According to the numbers cited by a Huawei executive at the company’s Auckland conference recently, by 2020 there will be 5.5 billion mobile broadband users and 1.5 billion fixed broadband users.
If those figures are correct, by the end of the decade it will be three times more likely that the internet will be accessed using a mobile device than using a PC or television.
This makes sense when you consider that a home will have one fixed line connection, but every member of its household is likely to own his or her own mobile device. Then there are the developing countries in which copper wire fixed-line connectivity is not ubiquitous and it is only through mobile devices that large numbers of people are able to afford a phone connection for their families.
So is the internet the same via a mobile connection as it is via a fixed line connection? Or is there developing a ‘mobile internet’ and a ‘fixed internet’?
Judging from the rhetoric, and their behaviour, the telcos and the ‘over-the-top’ players such as Apple and Google intend to operate differently in a mobile world.
Let’s start with the telcos. At every technology supplier conference I’ve attended in the past two years they’ve waxed lyrical about smart networks. Put simply, it means the telco is able to provide a customer with a better service if they pay more. This can take many forms. For example, it might mean that iPhone users are provisioned more bandwidth on the presumption that as high-end smartphone users they will download more data, so it is important to ensure they receive a better experience.
Or it could be that mobile users who pay extra to visit Facebook are guaranteed a faster experience. Mobile operators track where their customers go on the web. Vodafone New Zealand chief technology officer Sandra Pickering says the most popular websites accessed by their mobile customers locally in October were the New Zealand Herald, Facebook, Trade Me and Google.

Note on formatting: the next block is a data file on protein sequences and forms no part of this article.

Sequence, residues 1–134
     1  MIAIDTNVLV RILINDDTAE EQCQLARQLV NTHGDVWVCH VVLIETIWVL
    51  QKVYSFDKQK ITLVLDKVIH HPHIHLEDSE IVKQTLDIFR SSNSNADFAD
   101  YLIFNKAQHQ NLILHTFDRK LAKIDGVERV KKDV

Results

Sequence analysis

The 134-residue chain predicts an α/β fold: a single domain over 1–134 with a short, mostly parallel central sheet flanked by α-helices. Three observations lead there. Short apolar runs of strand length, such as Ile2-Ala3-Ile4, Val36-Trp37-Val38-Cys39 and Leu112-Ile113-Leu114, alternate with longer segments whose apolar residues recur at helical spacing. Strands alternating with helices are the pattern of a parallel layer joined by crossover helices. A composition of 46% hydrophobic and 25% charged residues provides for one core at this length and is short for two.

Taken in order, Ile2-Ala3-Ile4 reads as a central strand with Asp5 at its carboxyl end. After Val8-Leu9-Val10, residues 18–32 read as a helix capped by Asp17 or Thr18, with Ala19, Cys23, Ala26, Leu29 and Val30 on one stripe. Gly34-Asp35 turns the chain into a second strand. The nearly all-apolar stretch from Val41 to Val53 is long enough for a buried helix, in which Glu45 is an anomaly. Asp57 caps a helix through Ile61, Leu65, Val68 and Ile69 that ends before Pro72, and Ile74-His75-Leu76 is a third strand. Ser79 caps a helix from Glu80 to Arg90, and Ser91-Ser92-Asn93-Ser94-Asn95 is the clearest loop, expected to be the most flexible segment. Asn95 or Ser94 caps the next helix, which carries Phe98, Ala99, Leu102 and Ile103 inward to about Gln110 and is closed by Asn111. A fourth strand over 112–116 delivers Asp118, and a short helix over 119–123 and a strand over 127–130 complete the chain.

She says people are going to visit fewer sites, but they are visiting them more often. So bundling price, connectivity and content is achievable for mobile telcos because a large majority of users are accessing the same websites again and again.
Technology vendors such as Huawei and Amdocs are also touting real-time applications that enable customers to instantly upgrade to a faster connection if they want to access video content on their smartphone. The charge is then added to the mobile bill.
As the Huawei executive put it to his prospective customers “there is value beyond price”. LTE technology – the next step beyond 3G services enabled by the acquisition of 700MHz spectrum — will help telcos provide customised billing. When they introduce these services the telcos will probably claim they are innovative. But are they really just a new way for a telco to clip the ticket?
Then there are the over-the-top players. According to Rob O’Callahan, who runs Mozilla’s Auckland office, developers are tending towards writing apps for mobile operating systems, rather than for the web.
O’Callahan says: “If the centre of gravity switches completely to these closed platforms, particularly with closed app stores; Apple and Google will decide who can publish what. They can decide what technologies you’re allowed to use or not to use. That’s antithetical to what we think of as the open web. If developers, applications and content all move there, then the open web will have failed.”
The ‘fixed internet’ has largely been able to resist colonisation by a few companies – whether it be telcos or content suppliers. Let’s hope the ‘mobile internet’ goes the same way.
O’Callahan, by the way, is speaking at the ITEX Business Technology Show on ensuring an open web platform in the mobile era.
Also on the programme is Brent Ayrey, vice president of product innovation for Netflix in the US. Now there’s a company that changed the game – for less than $10 a month its customers can download as many movies as they want. If New Zealand got a Netflix-type offering as the Ultra Fast Broadband network is being deployed that could blow Sky TV’s business case out of the water.